At first glance, It may seem strange that almost the only, and certainly one of the best, Puerto Rican food suppliers in town can be found in the Denver Elks Club kitchen. Keigh Crespo – owner and operator of Dos Abuelas – would be the first to admit the obvious quirk of a Bronx lesbian Latina cook who prepares her cuisine in a place where the average age of a generally Caucasian crowd has only recently dropped to a year comparatively sparkling 55 years. The walls of the club are littered with the grumpy faces of old white men from yesteryear. Nearly 150 years of local artifacts link the club to some of the greatest players in Denver history. A massive, stuffed elk head hangs imposingly near the entrance.
But just behind the door, a rush of garlic and fried plantains blows as if carried by an island breeze and cuts conspicuously through the accumulated remains of the odd 60 years in which the moose made the place their home. The two are undoubtedly a strange couple. While the superficial differences are removed, the partnership not only makes sense, but actually reveals some of the best qualities of all involved.
Crespo opened Dos Abuelas for the first time in the summer of 2017 as a food truck in the courtyard of Finn’s Manor. After moving from Philadelphia, where she honed her culinary repertoire at a number of hotels and restaurants, including a stint at Jose Garces’ Rosa Blanca, Crespo was eager to set up her own business. While Dos Abuelas would shine in any market, Crespo immediately noticed Colorado’s shortage of Caribbean foods.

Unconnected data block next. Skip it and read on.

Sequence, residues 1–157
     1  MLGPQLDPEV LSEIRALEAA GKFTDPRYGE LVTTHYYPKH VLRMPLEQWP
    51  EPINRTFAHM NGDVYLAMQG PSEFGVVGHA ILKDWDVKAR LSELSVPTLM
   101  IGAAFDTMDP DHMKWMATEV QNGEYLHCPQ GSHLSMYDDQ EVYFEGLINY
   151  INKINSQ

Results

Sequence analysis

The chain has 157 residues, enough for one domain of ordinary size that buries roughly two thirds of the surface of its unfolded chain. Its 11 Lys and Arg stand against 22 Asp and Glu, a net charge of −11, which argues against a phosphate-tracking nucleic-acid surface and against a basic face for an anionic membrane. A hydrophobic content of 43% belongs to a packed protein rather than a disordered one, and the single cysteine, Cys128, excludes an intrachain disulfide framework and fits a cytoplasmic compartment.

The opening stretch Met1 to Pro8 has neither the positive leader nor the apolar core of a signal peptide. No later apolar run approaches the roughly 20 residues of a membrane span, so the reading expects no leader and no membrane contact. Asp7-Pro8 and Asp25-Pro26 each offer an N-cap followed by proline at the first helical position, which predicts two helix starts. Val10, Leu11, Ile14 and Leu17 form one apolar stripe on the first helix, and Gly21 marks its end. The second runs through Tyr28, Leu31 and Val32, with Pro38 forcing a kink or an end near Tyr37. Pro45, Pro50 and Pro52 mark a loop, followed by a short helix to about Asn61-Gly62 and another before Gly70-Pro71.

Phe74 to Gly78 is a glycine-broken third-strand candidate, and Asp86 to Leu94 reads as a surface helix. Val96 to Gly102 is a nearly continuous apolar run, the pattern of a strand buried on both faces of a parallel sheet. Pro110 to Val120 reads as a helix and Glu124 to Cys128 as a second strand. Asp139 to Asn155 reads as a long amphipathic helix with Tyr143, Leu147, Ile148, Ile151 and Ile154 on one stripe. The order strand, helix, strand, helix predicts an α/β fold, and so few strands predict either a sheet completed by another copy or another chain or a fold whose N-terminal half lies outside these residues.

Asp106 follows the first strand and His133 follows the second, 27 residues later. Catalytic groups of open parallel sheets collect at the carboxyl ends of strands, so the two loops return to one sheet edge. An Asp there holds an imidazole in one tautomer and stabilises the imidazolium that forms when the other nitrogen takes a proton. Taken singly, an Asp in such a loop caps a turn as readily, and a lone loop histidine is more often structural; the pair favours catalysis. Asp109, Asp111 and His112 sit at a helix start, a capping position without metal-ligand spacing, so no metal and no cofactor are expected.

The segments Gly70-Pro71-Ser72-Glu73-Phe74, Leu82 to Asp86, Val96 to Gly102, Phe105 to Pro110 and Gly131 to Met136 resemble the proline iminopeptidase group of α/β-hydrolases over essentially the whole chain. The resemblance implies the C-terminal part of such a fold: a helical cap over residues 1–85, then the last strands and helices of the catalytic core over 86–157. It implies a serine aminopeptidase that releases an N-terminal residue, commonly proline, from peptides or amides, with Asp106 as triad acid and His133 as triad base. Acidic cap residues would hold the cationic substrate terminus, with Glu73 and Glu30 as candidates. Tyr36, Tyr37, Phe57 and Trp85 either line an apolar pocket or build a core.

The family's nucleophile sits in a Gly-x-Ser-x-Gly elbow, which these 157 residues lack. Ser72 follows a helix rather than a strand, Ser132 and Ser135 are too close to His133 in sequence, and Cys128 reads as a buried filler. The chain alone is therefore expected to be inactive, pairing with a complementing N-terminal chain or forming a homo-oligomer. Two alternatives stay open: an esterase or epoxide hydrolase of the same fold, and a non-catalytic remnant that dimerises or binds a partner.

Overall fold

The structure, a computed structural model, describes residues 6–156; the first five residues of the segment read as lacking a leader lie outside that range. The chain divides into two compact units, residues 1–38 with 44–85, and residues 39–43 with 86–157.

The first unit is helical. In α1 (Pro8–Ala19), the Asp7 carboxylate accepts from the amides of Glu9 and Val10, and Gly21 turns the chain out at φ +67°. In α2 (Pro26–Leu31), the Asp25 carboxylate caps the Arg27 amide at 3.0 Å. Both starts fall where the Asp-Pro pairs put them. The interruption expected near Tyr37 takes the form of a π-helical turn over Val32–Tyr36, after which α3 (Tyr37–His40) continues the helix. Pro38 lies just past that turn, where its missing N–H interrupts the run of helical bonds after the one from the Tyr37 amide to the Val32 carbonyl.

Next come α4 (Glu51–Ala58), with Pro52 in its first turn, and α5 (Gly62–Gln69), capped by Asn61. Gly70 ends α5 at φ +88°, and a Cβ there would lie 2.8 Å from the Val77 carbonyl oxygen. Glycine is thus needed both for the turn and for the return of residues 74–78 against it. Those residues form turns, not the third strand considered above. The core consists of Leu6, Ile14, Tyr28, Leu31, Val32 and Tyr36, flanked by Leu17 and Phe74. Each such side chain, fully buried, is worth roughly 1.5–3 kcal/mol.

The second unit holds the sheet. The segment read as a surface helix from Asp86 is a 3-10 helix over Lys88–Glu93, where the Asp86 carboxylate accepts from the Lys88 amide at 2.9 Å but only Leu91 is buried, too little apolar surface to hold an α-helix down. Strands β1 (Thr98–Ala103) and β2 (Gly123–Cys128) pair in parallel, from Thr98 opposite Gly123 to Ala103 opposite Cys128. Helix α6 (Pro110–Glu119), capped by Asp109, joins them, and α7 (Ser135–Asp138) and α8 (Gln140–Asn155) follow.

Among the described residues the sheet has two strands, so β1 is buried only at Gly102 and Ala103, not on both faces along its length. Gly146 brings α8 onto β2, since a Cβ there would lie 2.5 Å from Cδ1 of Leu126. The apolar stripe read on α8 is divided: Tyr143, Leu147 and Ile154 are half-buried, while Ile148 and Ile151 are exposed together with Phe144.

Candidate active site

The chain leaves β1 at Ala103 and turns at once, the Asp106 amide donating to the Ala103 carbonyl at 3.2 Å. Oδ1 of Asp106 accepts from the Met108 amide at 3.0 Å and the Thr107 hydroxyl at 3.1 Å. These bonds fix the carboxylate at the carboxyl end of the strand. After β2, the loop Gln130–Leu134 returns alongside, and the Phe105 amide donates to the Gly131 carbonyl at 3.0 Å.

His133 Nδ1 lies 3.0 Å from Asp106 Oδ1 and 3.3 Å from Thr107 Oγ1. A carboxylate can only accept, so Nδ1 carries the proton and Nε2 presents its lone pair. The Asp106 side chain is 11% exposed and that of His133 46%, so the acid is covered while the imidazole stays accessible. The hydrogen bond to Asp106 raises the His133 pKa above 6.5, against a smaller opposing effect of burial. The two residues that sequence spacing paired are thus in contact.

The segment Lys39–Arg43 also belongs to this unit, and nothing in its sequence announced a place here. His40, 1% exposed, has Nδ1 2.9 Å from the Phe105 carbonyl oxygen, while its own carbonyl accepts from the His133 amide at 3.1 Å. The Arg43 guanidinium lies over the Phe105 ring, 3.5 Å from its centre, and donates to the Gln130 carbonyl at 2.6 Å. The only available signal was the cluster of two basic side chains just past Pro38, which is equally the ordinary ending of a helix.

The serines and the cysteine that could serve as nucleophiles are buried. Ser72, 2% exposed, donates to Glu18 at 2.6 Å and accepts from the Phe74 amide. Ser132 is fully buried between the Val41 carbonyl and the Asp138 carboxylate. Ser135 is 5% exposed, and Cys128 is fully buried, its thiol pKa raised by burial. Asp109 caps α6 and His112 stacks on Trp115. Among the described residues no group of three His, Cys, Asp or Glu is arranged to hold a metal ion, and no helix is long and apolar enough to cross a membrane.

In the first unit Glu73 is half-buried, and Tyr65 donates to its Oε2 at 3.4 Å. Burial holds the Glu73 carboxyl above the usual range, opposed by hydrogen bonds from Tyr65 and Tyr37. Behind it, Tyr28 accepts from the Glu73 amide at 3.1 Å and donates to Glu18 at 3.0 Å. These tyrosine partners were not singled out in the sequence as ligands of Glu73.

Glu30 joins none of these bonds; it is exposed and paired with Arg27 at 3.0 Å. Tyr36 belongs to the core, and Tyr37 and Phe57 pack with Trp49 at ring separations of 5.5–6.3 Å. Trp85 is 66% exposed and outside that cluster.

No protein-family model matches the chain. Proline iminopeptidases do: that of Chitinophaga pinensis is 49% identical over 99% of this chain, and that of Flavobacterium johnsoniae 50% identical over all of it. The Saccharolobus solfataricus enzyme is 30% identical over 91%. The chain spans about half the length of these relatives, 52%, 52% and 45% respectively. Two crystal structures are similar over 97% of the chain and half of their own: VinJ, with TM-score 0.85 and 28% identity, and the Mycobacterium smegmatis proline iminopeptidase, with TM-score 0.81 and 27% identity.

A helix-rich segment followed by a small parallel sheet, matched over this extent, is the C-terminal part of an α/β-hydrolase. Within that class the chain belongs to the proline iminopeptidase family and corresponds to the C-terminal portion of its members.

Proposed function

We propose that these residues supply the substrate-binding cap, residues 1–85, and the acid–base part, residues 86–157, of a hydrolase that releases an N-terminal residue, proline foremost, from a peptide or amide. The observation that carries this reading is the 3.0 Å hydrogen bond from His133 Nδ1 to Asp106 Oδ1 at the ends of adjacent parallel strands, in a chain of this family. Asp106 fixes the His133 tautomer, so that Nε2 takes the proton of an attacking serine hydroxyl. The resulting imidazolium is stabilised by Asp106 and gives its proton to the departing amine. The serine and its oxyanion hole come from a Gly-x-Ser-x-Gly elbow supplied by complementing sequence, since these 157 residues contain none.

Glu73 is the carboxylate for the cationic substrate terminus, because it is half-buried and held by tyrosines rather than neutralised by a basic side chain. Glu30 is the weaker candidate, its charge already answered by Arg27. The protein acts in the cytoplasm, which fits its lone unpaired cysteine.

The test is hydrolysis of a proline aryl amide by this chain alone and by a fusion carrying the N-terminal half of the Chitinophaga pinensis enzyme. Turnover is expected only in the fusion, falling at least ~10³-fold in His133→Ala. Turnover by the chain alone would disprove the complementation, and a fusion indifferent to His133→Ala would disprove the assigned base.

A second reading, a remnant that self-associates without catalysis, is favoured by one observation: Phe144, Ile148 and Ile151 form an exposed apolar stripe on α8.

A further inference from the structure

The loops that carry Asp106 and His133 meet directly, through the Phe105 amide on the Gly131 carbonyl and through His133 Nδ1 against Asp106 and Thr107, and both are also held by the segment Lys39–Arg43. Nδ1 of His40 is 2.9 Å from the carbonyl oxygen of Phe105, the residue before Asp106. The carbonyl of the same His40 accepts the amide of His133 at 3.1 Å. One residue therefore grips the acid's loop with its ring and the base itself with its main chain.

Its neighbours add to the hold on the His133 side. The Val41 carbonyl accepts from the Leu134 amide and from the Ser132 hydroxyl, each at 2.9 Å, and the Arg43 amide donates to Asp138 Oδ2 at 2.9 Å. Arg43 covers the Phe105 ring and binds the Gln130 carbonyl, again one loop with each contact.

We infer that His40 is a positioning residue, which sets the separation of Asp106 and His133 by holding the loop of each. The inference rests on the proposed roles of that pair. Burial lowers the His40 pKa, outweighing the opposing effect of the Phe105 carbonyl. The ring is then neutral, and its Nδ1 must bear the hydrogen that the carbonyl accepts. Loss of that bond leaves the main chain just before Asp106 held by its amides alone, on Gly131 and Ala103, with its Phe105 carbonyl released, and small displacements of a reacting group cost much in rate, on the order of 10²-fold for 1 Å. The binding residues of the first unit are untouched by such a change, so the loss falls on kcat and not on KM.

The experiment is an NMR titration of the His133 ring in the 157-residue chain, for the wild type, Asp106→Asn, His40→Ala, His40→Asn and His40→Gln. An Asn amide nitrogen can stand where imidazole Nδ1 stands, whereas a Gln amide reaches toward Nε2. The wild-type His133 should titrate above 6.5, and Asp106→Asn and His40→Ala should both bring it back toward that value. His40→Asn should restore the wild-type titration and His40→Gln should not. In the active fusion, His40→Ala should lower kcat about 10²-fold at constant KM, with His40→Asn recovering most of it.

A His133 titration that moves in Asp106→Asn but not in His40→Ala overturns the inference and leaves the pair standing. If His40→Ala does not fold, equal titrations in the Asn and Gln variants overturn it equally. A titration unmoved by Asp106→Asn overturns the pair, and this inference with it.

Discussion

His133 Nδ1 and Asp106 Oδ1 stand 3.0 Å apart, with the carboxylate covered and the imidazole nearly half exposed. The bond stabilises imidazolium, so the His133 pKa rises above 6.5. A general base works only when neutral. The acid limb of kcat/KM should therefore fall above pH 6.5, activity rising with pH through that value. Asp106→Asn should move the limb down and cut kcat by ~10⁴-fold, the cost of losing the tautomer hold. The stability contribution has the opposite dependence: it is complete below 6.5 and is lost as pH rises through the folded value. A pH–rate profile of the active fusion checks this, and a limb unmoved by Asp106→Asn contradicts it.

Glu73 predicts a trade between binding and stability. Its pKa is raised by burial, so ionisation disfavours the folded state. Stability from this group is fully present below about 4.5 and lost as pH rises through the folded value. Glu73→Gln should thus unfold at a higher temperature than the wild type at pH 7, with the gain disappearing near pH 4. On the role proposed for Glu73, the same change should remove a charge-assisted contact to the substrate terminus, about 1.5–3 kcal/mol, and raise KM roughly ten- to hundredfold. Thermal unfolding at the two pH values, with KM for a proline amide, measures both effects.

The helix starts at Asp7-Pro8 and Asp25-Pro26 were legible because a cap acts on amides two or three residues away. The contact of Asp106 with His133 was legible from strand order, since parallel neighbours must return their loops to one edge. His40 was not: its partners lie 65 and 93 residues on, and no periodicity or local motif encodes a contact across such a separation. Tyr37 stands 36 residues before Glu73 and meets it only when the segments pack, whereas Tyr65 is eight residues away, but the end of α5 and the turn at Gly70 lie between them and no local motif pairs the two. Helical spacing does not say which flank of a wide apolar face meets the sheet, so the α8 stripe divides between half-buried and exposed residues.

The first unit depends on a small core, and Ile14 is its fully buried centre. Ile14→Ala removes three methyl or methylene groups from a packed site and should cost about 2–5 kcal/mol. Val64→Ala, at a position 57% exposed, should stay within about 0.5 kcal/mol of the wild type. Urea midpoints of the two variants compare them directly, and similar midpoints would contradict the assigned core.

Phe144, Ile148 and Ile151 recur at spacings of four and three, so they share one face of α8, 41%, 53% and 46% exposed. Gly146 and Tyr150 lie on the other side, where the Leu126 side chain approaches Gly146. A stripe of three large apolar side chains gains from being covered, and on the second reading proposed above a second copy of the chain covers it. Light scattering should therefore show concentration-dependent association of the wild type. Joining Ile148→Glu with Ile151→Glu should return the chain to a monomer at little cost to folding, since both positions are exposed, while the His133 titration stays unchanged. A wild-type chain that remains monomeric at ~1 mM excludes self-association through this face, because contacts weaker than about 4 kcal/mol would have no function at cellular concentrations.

“There’s a Cuban, Puerto Rican, or Dominican place on every corner in New York,” she said. In Philly, she met Morgan Revell, her “Sous, Brother, Best Friend, Everything”, who moved to Colorado in 2018 to take her into the kitchen.
Dos Abuelas cuisine has always been a personal ode to Crespo’s family traditions, indigenous Taino culture and the Cocina Criolla cuisine of Puerto Rico. It wasn’t long before she developed a loyal following at Finn who would keep coming back to the hearty plates, all made with mostly local ingredients and having a seemingly endless love for the community and for the food itself. Crespo closed the truck in February 2020 and was ready to switch to the brick and mortar she had long imagined. Right before the window closed, Crespo saw a surge in popularity after he was on Zoe Saldana’s integrative media platform Bese. “Everyone who came to the window was like I’d seen your video,” smiled the cook. All of this after the Denver Hispanic Chamber of Commerce named Dos Abuelas Company of the Year in both 2018 and 2019.
But 2020 wouldn’t be the year for completing plans or fully pursuing dreams. Dos Abuelas stayed closed until August and Crespo became increasingly discouraged ever to reopen. That summer, Crespo’s friend Bex Paz, who founded the Spanish Learning Network, had a brilliant idea. “This is a gringa that speaks better Spanish than I do,” laughed Crespo. Paz had briefed one of the Elche’s board members, who said the place had a large and largely unused kitchen space. After Crespo held a pop-up with a salsa band and a securely detached dance area in the lodge parking lot in July, he took over the kitchen in August.